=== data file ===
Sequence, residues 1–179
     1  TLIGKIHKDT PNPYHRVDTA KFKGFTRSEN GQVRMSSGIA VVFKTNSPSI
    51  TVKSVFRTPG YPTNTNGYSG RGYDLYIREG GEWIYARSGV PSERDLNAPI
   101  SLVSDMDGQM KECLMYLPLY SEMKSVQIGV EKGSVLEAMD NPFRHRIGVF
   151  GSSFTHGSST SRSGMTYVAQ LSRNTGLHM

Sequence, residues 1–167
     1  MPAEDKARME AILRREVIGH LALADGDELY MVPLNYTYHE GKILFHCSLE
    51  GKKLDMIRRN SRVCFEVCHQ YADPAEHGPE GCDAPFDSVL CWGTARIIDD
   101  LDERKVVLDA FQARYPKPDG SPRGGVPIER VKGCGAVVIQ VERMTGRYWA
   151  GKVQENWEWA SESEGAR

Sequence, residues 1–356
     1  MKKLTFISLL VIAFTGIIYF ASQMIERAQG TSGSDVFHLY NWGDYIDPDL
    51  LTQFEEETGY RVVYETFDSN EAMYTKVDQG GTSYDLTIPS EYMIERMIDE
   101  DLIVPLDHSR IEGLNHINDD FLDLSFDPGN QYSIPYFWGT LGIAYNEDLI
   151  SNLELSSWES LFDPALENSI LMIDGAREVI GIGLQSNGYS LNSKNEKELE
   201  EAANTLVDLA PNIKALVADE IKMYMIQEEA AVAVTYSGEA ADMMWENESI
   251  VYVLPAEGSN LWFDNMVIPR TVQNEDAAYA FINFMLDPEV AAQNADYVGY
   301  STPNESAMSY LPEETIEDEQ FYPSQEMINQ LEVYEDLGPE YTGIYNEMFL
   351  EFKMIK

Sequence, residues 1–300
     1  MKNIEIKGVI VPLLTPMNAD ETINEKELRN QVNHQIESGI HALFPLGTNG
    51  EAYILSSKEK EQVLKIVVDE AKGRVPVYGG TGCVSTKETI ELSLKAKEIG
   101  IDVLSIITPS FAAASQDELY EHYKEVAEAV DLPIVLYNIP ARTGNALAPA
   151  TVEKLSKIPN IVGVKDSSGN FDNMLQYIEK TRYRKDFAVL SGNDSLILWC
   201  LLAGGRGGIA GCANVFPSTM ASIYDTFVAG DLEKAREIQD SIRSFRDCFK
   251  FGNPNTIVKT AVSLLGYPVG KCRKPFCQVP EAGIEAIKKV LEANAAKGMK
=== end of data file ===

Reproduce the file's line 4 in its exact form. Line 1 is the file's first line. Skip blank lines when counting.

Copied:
   101  SLVSDMDGQM KECLMYLPLY SEMKSVQIGV EKGSVLEAMD NPFRHRIGVF